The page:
Still, while it makes a good talking point, advertising critics have never succeeded in pushing the idea through to enactment.
Now the Democratic leadership in Congress is considering a new twist, a proposal to give pharma companies a choice: write off R&D costs or write off marketing costs. Not both.
That, according to Polsinelli Shugart public policy group Chair Jim Davidson during his update to the DTC National Congress April 15, was an idea offered by former Rep. Rahm Emanuel during a closed door meeting with some advertising types last year.
The idea sure sent a ripple through the 400 or so pharma, ad agency and media attendees at the DTC Congress.
Emanuel has since left Congress to serve as chief of staff to President Obama, which does nothing to blunt concerns among advertisers about the potential for the tax policy proposal to slip into legislation this year, especially in the context of finding new revenues to cover costs of expanded health care coverage. (Read more about Emanuel’s recent statements here.)
Coalition for Healthcare Communications Director John Kamp noted the threat of Emanuel’s proposal, describing it as presenting a “Sophie’s choice” to industry by asking, in effect, whether companies love their marketing departments or their R&D organization more. It is a classic divide-and-conquer maneuver, Kamp says, since it is sure to exploit the tensions that already exist within pharma companies over that very question.
“Think about your own companies,” Kamp told the brand managers in the audience.
Well, it certainly got us to thinking…and quickly got us thinking that maybe this “Sophie’s choice” wouldn’t be all bad.
Now, let’s be clear: biopharma companies will fight this proposal, as will advertising and media companies. And, if history is any guide, they will win. Pharma, in particular, has a good track record in working the intricacies of tax policy. No reason to expect a different outcome here. Nor do we seriously think pharma should support a tax hike on itself in any event.
It is just that this could be a case where a policy threat would force a healthy business adjustment.
The new tax policy would, in effect, force pharma companies to choose between a reduced return-on-investment from their R&D or a reduced RoI on marketing, since the elimination of the tax deduction in effect amounts to a reduced return on the dollars devoted to the affected activities.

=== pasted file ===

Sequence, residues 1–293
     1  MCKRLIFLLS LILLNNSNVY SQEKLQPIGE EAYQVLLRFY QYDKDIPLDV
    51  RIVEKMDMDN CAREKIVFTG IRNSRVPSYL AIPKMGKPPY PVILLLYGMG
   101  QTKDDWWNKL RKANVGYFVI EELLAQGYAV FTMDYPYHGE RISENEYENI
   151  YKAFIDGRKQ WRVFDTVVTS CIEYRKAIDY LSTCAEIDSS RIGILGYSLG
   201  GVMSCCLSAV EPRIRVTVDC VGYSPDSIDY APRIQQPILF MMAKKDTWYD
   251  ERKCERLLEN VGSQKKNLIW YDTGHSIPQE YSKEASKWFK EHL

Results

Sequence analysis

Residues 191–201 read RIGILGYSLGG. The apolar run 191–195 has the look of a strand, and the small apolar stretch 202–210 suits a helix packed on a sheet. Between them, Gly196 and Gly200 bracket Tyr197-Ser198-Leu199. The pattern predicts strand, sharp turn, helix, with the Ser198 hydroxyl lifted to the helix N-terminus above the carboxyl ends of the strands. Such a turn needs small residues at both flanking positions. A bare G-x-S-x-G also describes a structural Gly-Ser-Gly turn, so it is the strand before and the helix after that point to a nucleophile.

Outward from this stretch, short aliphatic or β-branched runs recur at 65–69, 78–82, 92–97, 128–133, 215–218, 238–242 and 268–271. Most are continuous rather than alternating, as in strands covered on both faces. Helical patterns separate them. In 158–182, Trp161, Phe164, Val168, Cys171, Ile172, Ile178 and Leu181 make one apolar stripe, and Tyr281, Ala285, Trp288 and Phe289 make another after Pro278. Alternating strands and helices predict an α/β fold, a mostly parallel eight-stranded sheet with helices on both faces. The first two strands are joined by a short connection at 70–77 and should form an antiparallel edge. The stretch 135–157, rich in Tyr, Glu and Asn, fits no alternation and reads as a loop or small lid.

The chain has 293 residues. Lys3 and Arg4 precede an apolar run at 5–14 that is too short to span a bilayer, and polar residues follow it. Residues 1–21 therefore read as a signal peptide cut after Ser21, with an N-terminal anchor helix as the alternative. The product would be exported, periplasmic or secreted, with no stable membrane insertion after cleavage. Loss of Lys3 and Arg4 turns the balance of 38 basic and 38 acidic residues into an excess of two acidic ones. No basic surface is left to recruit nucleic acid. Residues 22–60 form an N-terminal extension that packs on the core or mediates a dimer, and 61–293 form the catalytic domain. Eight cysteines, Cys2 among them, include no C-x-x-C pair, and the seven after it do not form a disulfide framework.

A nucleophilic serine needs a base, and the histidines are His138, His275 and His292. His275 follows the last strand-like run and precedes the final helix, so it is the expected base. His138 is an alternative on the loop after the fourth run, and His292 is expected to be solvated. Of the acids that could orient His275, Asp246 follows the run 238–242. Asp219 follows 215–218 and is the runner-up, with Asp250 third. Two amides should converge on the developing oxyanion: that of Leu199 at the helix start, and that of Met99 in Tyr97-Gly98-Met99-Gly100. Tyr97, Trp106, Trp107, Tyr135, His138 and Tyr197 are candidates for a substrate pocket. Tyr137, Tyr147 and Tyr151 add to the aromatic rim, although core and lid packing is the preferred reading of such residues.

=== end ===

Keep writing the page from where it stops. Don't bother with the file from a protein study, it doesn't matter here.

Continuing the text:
So the first step would be to force senior management to take a stand on which actually delivers a better RoI in the first place.
In some cases, it is easy. Most biotech companies, for instance, only wish they had marketing costs to write off, and even those that do wouldn’t have too much trouble choosing to keep writing off R&D. On the other hand, “specialty” companies like Forest or Ovation would surely want to write off marketing costs, since they tend to in-license late-stage projects rather than shoulder the full R&D burden themselves.
But what would Pfizer do? The company spends billions on R&D and billions on marketing, and so could ill afford to accept higher taxes on either front.
Surely one option would be to divide into smaller companies that more clearly fit the biotech (R&D-first) or specialty (commercial-first) models. That happens to be exactly what some of us have been suggesting for a long time now.
Indeed, one way to view the Pfizer/GlaxoSmithKline HIV partnership is as a baby step (or maybe a toddler step) in that direction. Glaxo/Pfizer HIV Inc. would surely choose to keep its R&D deduction. (As would, presumably, a stand-alone Pfizer oncology unit.)
Pfizer itself, on the other hand—if it indeed continues to consolidate towards a GE style health care marketing colossus—would probably end up protecting the deductibility of its marketing costs. In fact, its hard to see how R&D fits long term in that GE model anyway. (You can read coverage of Roger Longman’s latest take on this topic in “The Pink Sheet” here.)
See how fun it is to play what ifs?
And that’s the point. Pharma companies are right to oppose the policy, but there is surely value in playing out this “Sophie’s choice” anyway. It may turn out to be good business for pharma to focus on one side or the other of the great pharma divide between R&D and marketing, even if Congress doesn’t force that choice upon them.